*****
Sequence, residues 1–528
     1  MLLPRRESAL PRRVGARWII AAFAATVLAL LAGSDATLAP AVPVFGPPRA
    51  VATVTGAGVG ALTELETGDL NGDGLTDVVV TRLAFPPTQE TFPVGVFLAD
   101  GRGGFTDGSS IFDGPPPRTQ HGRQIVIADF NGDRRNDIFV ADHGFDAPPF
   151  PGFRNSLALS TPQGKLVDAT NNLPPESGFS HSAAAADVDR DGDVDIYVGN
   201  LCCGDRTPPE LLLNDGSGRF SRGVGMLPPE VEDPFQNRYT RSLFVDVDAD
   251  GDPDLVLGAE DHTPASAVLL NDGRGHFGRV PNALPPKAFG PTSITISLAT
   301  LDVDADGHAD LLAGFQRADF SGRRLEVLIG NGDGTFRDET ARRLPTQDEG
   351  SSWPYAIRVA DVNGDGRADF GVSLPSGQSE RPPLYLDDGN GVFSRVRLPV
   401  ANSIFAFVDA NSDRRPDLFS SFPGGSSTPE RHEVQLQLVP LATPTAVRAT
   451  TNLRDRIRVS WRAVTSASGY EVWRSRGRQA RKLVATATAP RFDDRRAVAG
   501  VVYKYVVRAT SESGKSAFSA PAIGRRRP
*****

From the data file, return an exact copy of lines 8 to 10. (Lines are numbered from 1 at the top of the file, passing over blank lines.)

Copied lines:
   301  LDVDADGHAD LLAGFQRADF SGRRLEVLIG NGDGTFRDET ARRLPTQDEG
   351  SSWPYAIRVA DVNGDGRADF GVSLPSGQSE RPPLYLDDGN GVFSRVRLPV
   401  ANSIFAFVDA NSDRRPDLFS SFPGGSSTPE RHEVQLQLVP LATPTAVRAT